She felt as if she had grown twenty years older in that one long day of wearing emotions: each hour that passed had added to the burden she bore, each minute had struck a blow upon her soul as the hammer of the stone-breaker struck upon the heaps of broken rock there behind the ridge. So many things now seemed clear to her, different from on the previous day. The figure of Agnes came before her, with the proud look that concealed all she really felt.

"She is strong too," thought the mother; "she will hide everything."

Then slowly she rose from her chair and began to cover the fire with ashes, banking it up carefully so that no sparks could fly out and set fire to anything near: then she shut the house door, for she knew Paul always carried a key with him. She stamped about loudly, as though he could hear her across the square, and believe her firm footsteps to be an outward sign of her inward assurance.

She felt, however, that this assurance was not so very firm after all. But then what is really firm in this life? Neither the base of the mountains nor the foundations of the churches, for an earthquake may overthrow them both. Thus she felt sure of Paul for the future, and sure of herself, but always with an underlying dread of the unknown which might chance to supervene. And when she reached her bedroom she dropped wearily into a chair, wondering whether it would not have been better after all to leave the front door open.

Then she got up and began to untie her apron string; but it had twisted into a knot over which she lost patience at last, and went to fetch a pair of scissors from her work-basket. She found the kitten curled up asleep inside the basket, and the scissors and reels were all warm from contact with its tiny body; and somehow the touch of the living thing made her repent of her impatience, and she went back to the lamp, and drawing the knot in front of her she succeeded at last in untying it. With a sigh of relief she slowly undressed, carefully folding her garments one by one on the chair, first, however, taking the keys out of her apron pocket and laying them in a row on the table like a respectable family all asleep. Thus her masters had taught her in her youth to cultivate order and tidiness, and she still obeyed the old instructions.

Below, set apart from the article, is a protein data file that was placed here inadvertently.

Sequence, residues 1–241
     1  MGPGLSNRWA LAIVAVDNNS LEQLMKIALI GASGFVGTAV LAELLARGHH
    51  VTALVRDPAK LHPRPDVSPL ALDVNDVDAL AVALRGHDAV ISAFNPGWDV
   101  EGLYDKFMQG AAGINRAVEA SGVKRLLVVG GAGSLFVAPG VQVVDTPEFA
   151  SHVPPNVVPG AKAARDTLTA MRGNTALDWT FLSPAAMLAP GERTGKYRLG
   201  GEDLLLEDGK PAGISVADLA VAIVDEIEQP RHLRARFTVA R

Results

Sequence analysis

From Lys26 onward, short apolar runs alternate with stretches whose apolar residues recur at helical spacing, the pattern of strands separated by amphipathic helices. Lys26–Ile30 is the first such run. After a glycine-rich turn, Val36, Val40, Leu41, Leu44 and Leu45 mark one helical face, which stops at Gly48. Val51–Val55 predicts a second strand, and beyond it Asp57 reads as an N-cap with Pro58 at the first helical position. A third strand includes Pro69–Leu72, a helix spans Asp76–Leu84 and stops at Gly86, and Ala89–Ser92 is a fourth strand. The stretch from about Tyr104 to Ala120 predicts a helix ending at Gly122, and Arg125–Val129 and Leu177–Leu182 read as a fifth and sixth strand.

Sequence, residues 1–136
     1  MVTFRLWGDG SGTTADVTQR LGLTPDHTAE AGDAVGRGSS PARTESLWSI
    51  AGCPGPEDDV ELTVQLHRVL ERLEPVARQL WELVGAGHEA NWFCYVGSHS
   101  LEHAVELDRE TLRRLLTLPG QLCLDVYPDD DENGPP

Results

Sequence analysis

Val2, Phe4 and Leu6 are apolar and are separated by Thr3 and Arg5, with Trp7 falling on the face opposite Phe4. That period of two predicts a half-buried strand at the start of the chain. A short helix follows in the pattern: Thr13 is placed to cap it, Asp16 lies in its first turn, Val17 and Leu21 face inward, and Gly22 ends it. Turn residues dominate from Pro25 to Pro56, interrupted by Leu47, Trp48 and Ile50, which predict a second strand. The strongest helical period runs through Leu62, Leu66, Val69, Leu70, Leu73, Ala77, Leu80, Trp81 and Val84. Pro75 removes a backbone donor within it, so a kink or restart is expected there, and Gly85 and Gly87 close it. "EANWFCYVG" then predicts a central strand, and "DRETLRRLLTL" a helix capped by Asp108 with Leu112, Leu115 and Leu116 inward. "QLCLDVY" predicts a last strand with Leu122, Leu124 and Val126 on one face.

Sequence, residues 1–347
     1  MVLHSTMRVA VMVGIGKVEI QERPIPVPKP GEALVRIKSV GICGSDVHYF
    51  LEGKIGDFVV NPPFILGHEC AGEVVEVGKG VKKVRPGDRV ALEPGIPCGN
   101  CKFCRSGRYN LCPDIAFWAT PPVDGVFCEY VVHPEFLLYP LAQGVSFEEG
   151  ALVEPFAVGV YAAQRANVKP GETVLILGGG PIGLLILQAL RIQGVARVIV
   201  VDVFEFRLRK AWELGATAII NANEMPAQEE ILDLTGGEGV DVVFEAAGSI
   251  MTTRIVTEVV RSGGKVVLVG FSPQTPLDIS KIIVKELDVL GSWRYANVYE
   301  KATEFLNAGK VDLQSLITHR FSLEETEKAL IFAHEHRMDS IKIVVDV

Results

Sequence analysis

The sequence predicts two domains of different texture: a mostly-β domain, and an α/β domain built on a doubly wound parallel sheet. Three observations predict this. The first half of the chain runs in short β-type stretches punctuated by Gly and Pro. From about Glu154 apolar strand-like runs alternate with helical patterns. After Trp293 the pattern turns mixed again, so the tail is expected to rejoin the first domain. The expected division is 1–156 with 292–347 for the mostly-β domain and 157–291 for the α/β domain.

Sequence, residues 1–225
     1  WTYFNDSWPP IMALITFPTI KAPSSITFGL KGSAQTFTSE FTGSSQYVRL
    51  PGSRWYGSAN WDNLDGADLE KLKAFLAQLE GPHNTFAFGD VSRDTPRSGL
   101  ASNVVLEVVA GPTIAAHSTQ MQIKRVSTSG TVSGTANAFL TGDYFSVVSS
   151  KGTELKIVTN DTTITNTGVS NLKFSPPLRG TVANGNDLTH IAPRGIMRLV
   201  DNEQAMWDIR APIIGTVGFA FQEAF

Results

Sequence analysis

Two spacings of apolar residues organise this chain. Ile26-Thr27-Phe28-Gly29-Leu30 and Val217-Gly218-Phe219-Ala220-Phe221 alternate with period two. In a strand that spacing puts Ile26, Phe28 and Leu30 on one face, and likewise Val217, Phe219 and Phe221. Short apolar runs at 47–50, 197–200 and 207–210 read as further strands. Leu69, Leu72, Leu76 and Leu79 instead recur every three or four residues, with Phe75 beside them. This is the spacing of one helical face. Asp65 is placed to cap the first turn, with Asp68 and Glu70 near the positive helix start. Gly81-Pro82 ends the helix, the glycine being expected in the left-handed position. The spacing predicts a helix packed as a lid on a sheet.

She sat down again, half undressed, her short chemise displaying thin brown legs that might have been made of wood, and she yawned with weariness and resignation. No, she would not go downstairs again; her son should come home and find the door closed, and see from that fact that his mother had full confidence in him. That was the right way to manage him, show that you trusted him absolutely. Nevertheless, she was on the alert, and listened for the least sound; not in the same way as on the previous night, but still she listened. She drew off her shoes and placed them side by side, like two sisters who must keep each other company even during the night, and went on murmuring her prayers and yawning, yawning with weariness and resignation, and with sheer nervousness, too.

Whatever could Paul have to say to Antiochus's mother? The woman had by no means a good reputation, she lent money on usury and was commonly supposed to be a procuress too. No, Paul's mother could not understand it. Then she blew out the candle, snuffed the smoking wick with her fingers and got into bed, but could not bring herself to lie down.

Presently she thought she heard a step in her room. Was it the ghost come back? She was filled with a horrible fear lest he should come up to the bed and take hold of her; for a moment her blood froze in her veins, then surged to her heart as a people in tumult rushes through the streets of its city to the principal square. Then she recovered herself and was ashamed of her fear, only caused, she was sure, by the wicked doubts she had entertained of her Paul.

No, those doubts were all ended: never again would she inquire into the very smallest of his actions; it was her place to keep quietly in the background, as she was now, in her little room fit only for a servant. She lay down and drew the bedclothes over her, covering her ears, too, so that she might not hear whether Paul came home or not; but in her inner consciousness she felt all the same, she felt that he was not coming home, that he had been carried off by some one against his will, as one drawn reluctantly into a dance.